Children with autism usually show social interaction deficit, delayed communication skills, and may show unusual or limited interest or repetitive behaviors. Well established research evidences confirm that early identification is the key to success for Autism treatment. The earlier the diagnosis is made, the sooner treatment is started, the better outcome of the child achieves.
At this age, any significant developmental problems related to motor, language and social development should have been identified and treatment should have been started already. However, for subtle problems or milder form of developmental disorder, they might just be recognized around this age. Therefore, it is worth to do a final full developmental assessment to pick up any concerns or late problems at this age.
Moreover, this age is the time to prepare for school readiness. In many countries, such as in Thailand, a child starts school at the age of 3, in kindergarten level. Therefore, at two years old, parents should have the opportunity to get advice, discuss about school plans with pediatrician, includes school readiness evaluation and any other concerns on a child’s behavior, especially on attention skill, self-help skill, and social skill.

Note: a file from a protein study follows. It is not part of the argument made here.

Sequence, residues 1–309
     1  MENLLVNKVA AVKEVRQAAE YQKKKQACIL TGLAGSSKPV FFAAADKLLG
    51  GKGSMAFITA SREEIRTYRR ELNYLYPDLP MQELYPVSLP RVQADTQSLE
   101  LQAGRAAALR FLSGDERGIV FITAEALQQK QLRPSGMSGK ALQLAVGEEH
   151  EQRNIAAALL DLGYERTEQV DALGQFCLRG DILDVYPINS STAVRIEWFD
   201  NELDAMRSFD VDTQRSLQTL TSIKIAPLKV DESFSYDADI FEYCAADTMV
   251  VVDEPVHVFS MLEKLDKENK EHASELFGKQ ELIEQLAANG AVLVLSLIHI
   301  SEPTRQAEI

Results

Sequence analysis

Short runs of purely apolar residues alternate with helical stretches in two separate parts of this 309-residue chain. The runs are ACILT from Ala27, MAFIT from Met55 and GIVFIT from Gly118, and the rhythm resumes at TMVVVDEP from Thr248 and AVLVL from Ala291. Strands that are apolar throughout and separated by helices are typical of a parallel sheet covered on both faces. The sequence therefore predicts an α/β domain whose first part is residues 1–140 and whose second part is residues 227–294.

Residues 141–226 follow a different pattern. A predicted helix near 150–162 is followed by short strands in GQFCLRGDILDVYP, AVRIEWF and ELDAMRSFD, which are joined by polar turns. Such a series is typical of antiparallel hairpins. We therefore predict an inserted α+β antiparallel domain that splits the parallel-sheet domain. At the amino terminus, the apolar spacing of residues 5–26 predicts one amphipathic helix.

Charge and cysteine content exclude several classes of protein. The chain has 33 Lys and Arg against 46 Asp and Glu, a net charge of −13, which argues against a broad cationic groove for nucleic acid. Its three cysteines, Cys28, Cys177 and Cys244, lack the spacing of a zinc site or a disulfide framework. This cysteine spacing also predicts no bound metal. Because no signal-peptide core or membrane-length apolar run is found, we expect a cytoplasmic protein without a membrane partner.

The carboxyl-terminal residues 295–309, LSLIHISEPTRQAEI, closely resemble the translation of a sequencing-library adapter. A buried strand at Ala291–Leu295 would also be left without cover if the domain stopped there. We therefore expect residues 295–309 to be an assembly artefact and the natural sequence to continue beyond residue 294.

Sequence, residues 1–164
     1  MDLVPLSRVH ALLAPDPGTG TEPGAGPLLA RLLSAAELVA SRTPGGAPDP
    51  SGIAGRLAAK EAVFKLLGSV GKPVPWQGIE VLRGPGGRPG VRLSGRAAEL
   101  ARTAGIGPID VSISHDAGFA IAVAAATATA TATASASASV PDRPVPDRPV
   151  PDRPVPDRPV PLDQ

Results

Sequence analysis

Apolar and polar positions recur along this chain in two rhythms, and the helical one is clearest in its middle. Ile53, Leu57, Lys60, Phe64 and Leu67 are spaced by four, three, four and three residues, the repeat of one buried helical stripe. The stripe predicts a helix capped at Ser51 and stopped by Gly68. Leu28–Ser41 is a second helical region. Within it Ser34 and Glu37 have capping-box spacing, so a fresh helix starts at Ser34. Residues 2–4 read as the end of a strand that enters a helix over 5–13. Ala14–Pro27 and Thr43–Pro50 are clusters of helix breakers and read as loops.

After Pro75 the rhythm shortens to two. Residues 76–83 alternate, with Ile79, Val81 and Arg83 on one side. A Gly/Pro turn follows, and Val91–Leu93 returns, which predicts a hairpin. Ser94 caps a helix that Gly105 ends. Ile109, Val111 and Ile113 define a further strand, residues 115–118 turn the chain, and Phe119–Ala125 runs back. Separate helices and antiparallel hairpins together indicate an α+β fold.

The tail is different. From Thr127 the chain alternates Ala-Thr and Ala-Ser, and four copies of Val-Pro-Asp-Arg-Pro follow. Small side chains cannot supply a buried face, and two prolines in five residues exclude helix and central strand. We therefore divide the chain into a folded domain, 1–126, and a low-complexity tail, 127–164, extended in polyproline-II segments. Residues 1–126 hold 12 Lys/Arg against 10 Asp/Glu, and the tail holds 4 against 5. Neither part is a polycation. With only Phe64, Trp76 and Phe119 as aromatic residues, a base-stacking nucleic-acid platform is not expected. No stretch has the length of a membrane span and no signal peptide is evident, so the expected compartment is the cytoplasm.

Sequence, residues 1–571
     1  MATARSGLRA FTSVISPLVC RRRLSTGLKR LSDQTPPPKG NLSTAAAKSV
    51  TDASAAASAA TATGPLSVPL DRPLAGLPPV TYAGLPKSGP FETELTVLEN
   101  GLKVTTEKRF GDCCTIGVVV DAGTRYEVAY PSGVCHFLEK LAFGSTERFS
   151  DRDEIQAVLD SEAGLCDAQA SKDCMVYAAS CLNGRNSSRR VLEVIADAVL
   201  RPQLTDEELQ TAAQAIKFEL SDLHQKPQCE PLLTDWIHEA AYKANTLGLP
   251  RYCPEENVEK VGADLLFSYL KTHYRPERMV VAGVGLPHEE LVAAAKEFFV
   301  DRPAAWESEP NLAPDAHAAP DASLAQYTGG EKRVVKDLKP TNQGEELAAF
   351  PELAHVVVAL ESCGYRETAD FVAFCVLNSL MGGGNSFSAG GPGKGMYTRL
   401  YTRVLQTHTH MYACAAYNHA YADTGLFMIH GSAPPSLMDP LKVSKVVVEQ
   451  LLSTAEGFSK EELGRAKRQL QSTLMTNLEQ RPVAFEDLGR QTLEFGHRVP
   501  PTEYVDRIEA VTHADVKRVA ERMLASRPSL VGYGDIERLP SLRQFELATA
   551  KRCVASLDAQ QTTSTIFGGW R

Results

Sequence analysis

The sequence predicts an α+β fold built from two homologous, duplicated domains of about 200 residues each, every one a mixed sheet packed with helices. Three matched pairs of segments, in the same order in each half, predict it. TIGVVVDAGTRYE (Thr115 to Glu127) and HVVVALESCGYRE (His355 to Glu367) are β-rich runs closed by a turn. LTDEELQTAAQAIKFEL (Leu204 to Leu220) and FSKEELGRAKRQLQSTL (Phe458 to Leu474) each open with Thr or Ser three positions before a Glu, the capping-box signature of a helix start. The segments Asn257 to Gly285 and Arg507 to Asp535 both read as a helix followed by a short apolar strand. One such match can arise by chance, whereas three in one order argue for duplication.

Who should be responsible for developmental surveillance and screening?
Pediatricians or any medical professionals who see your child regularly could be the perfect person to help monitor your child’s development. If the caregiver or pediatrician raises any concerns, it is worth to proceed with further assessments promptly. They can help parents to arrange proper assessments with the specialist by reliable standardized developmental screening tools.
After developmental screening, what is the next step?
If the assessment result confirms any risk for developmental disorders, the pediatricians in charge will refer the child to a specialist for definite diagnosis and proper treatment or intervention. The specialists they refer to could be a developmental and behavioral pediatrician, neurodevelopmental pediatrician, or child psychiatrist.
Once specialists have confirmed the diagnosis, the child should receive “early intervention” which is tailored for his/her developmental concern. Early intervention includes holistic care from the multidisciplinary team (usually includes developmental and behavioral pediatrician, physical therapists, occupational therapists, speech therapists, and behavioral therapists). The child should receive regular assessment to monitor his/her progression.
If the assessment result shows no developmental abnormality, parents should keep monitoring their child’s developmental progression continuously. Whenever they have any concern at any time, they should inform a medical personal once again for reassessment. If not, the child should receive proper developmental screening as recommended above (9months, 18 months, and 24-30 months).
M.D., Faculty of Medicine, Ramathibodi Hospital, Mahidol University, 1998.